The extent of poverty and unemployment is such that discontent is spreading like wildfire in a country where the wealth from oil revenues remains invisible to the eyes of the population. Anger is mounting against social inequality and high youth unemployment – especially among a whole generation of young Algerians with no prospects. There is also much disillusion toward these elites who had the means to ensure growth and development, social cohesion and security, but failed on all fronts.

For many, the end of Bouteflika’s reign marks the closing of an era. It could finally be the end of the stranglehold on Algeria’s wealth and institutions by the politicians and military strongmen who have been ruling the country since the 1960s.

This turning point could also herald the arrival in power of new generations that will take into account the cultural diversity of the country, focus on building an economy that can survive the post-oil era and build the Maghreb Union that we need so much. This could all happen in the context of a new republic.

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Society

How India’s Women Are Fighting Air Pollution — And The Patriarchy

India is one of the world's worst countries for air pollution, with women more likely to be affected by the problem than men. Now, experts and activists are fighting to reframe pollution as a gendered health crisis.

A woman walking through dense fog in New Delhi

*Saumya Kalia

MUMBAI In New Delhi, a city that has topped urban air-pollution charts in recent years, Shakuntala describes a discomfort that has become too familiar. Surrounded by bricks and austere buildings, she tells an interviewer: "The eyes burn and it becomes difficult to breathe". She is referring to the noxious fumes she routinely breathes as a construction worker.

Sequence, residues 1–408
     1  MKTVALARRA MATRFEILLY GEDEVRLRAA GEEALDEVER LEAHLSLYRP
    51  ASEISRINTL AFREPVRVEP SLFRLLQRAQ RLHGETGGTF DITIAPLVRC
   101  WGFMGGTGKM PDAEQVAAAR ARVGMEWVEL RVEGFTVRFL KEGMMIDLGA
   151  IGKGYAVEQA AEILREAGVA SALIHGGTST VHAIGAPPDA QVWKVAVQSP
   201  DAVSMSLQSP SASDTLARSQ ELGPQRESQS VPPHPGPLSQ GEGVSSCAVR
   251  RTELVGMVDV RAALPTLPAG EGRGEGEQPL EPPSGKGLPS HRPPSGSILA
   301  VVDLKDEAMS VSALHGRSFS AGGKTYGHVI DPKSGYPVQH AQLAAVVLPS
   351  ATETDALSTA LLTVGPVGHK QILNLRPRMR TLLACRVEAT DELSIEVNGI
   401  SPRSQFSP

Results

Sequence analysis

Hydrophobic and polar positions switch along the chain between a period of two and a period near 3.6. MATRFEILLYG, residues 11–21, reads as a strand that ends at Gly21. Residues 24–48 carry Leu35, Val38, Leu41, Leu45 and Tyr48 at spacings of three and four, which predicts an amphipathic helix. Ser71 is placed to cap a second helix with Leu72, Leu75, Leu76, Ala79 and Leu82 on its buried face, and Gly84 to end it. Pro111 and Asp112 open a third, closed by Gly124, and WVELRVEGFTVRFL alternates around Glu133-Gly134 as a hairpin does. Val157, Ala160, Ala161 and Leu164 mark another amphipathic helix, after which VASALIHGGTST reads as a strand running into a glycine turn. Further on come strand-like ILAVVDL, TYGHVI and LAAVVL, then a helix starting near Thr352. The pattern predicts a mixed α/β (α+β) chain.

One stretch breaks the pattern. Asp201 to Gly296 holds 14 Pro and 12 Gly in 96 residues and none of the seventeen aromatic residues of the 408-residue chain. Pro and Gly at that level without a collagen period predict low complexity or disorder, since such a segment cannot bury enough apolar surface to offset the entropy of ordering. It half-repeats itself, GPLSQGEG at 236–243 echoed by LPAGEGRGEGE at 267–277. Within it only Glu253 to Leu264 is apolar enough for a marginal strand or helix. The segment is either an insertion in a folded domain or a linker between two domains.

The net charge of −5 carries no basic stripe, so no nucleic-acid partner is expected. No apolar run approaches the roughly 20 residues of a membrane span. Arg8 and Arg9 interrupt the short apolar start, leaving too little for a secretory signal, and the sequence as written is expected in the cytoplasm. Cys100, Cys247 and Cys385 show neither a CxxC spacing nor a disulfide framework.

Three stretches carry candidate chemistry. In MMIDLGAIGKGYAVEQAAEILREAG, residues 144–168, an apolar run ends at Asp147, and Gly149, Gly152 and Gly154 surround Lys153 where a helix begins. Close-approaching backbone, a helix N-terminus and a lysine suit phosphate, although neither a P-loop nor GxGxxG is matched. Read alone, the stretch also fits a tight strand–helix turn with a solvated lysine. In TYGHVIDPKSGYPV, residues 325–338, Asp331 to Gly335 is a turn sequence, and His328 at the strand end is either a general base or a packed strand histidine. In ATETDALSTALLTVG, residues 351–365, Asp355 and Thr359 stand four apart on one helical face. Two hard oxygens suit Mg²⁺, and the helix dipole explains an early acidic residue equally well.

Like Shakuntala, women’s experiences of polluted air fill every corner of their lives – inside homes, in parks and markets, on the way to work. Ambient air in most districts in India has never been worse than it is today. As many as 1.67 million people in the country die prematurely due to polluted air. It is India’s second largest health risk after malnutrition.

This risk of exposure to air pollution is compounded for women. Their experiences of toxic air are more frequent and often more hazardous. Yet “policies around air quality have not yet adequately taken into account gender or other factors that might influence people’s health,” Pallavi Pant, a senior scientist at the Health Effects Institute, a nonprofit in the U.S., told The Wire Science.

“It’s unacceptable that the biggest burden [rests on] those who can least bear it,” Sherebanu Frosh, an activist, added. People like her are building a unique resistance within India.